Originally Friday, July 27th
I dragged Tech Support out of bed early on Friday to hike up a mountain with me. We went over to the train station to get our passes with my mother then left her behind as we took the bus to Nanzenji.
We walked past the main temple with intent and started up the mountain path. I led us past the point we'd gotten to before and only a short while later we came to a big split in the paths and stared with confusion at the map, entirely in Japanese. Some nice men pointed in one direction and said "Daimon", and since they appeared convinced that was the way we should go I was happy to follow their direction.
Also, I realized only a few minutes later that Daimon was the name of a rather famous mountain in Kyoto.
Then we walked, and walked, and walked. My ability to read Kanji just good enough that I was able to keep us heading towards Daimon anytime there was a split in the path. Most of the way trees obscured our view, but there were a few breaks.
We worked well as a team. One of us would fade at a time, saying something like, "well, I can go a little further but we've got to stop soon" and as soon as they were ready to give up the other would say "No, I see some blue, there is a beautiful view just up ahead."
This went on for almost two hours.
Finally I was just about ready to expire but Tech Support wanted to jog ahead further. I told him I'd walk slowly behind him and we'd meet up at some point. I followed after him, and after just a few minutes he disappeared from sight. I came to a split in the road and worried he might not know which way to go, but went in the directions I was fairly certain he'd gone.
And I walked, and walked. I worried again that he'd gone a different way at the split, but knew it was far more likely he'd forgotten about time altogether. I pressed on, panting like a dog after a rather steep incline, and only worried when I got to an even bigger fork in the road. From the map it looked like something ahead was worth getting to, but first you had to go up a rather step incline.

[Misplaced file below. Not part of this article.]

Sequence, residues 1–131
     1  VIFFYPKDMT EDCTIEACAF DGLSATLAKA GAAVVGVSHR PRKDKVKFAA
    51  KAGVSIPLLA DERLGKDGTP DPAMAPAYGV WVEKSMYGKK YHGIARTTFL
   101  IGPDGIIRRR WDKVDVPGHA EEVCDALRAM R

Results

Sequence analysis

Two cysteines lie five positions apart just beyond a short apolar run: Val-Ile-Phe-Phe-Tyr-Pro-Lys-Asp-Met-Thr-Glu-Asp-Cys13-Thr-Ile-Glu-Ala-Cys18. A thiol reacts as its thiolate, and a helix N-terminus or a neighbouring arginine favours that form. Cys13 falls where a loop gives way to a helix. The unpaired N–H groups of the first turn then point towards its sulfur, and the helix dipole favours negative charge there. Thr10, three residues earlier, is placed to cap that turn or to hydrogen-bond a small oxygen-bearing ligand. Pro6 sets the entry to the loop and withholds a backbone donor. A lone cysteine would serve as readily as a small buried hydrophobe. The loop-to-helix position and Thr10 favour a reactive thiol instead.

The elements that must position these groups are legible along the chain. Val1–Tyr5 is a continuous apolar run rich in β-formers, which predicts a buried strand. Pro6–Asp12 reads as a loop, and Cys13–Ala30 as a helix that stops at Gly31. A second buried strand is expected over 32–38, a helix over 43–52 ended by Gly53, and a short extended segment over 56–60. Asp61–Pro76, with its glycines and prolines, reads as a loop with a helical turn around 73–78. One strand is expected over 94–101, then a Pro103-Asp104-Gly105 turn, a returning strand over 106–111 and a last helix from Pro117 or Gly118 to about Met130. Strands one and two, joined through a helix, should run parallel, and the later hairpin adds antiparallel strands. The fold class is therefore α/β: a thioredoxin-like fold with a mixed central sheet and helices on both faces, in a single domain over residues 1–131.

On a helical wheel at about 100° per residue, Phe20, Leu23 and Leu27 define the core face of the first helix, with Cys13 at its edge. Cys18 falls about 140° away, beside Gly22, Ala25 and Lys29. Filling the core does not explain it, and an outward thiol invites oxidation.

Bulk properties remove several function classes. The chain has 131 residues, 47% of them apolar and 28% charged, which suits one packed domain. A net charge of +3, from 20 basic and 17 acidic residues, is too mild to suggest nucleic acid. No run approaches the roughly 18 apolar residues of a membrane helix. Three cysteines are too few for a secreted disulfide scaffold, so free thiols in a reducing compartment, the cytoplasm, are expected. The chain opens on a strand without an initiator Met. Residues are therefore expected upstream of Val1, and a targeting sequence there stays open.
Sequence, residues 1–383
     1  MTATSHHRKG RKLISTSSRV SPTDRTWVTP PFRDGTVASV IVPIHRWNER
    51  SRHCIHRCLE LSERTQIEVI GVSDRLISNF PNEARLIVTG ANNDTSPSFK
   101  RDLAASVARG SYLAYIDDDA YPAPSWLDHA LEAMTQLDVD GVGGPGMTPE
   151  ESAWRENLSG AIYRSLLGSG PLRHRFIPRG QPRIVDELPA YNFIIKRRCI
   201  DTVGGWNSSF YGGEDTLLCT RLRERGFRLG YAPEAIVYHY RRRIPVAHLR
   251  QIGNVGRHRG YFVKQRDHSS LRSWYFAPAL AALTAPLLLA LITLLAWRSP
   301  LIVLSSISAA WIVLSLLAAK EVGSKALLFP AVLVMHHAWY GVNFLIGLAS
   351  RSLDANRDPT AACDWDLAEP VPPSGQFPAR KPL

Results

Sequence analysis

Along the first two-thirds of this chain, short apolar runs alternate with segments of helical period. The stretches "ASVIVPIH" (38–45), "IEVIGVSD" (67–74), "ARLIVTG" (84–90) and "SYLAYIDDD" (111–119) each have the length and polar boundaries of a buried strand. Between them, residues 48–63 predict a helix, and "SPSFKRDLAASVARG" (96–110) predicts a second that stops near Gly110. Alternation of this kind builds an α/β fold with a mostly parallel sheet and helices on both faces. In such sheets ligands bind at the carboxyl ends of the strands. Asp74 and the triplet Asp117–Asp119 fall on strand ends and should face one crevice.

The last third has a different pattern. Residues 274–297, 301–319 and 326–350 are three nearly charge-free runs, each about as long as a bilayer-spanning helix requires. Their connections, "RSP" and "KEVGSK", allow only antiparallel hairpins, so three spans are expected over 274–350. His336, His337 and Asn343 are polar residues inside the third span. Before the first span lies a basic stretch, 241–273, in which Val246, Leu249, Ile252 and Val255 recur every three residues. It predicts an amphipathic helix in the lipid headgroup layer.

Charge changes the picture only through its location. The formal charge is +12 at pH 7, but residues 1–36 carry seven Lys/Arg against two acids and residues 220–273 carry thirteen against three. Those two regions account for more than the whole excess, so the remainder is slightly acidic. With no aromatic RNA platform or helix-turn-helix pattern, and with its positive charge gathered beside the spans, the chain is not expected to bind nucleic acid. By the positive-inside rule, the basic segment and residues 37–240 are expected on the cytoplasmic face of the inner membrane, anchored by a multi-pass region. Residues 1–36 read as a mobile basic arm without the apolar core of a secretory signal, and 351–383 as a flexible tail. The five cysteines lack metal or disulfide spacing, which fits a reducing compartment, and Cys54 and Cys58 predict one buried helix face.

I climbed up. Another fork, this time no signs to help you. I looked both ways. I mumbled Tech Support's name loudly, then, worried, I started back down again. He would find me when I headed back.
I paused at the bottom to look at the map one more time, and that's when I heard my name. Tech Support was at the top of the hill, and so pleased to see me. I followed after him and after a few minutes, we saw our view.
Pictures can't do it justice, we saw all of Kyoto. At once. We could see the station, where our Ryokan was, the tiny orange gate that was the massive Tori for the Heian Shrine, everything.
We sat down for a moment. Another couple was there, and older Japanese one, she was trying to talk to JR about something she'd lost on the train and was having trouble getting reception up the mountain.
Tech Support and I had run out of water, poor planning on our part, and were already dreading a bit of the downhill. While the slope was hard on our knees, we only took about an hour, half the time it took to get up, to get back down. But by the time I recognized things as being down by the base I was terrifically thirsty. It was hard not to run through the temple to the soda machines.
We caught the bus back to Kyoto station and then walked over to our Ryokan where we showered and rolled around on our futons, groaning. Tech Support got some laundry together and went down the street. I went over to visit him but the heat was so bad that even walking on the street was difficult.
(Probably my favorite shot from the trip.)
I left him with the laundry and wandered around just a tiny bit more, taking refuge in the air conditioned crafts store, then going back to meet with everyone at the Ryokan.
We had Okonomiyaki at the train station, a fun experience that involved cooking our own crazy pancake-type-thing on our table. Then went across town to Gion where we got our own booth and Karaoke'd for a few hours. Lil Bro's tempo was off but his voice surprisingly like Bob Dylan's, J-Po made everything into heavy metal, and I was totally unable to carry a tune.
Karaoke is always deceptively fun. I think an hour is enough time to sing with friends, then suddenly almost two hours have gone by and it's time to get back to the Ryokan before curfew.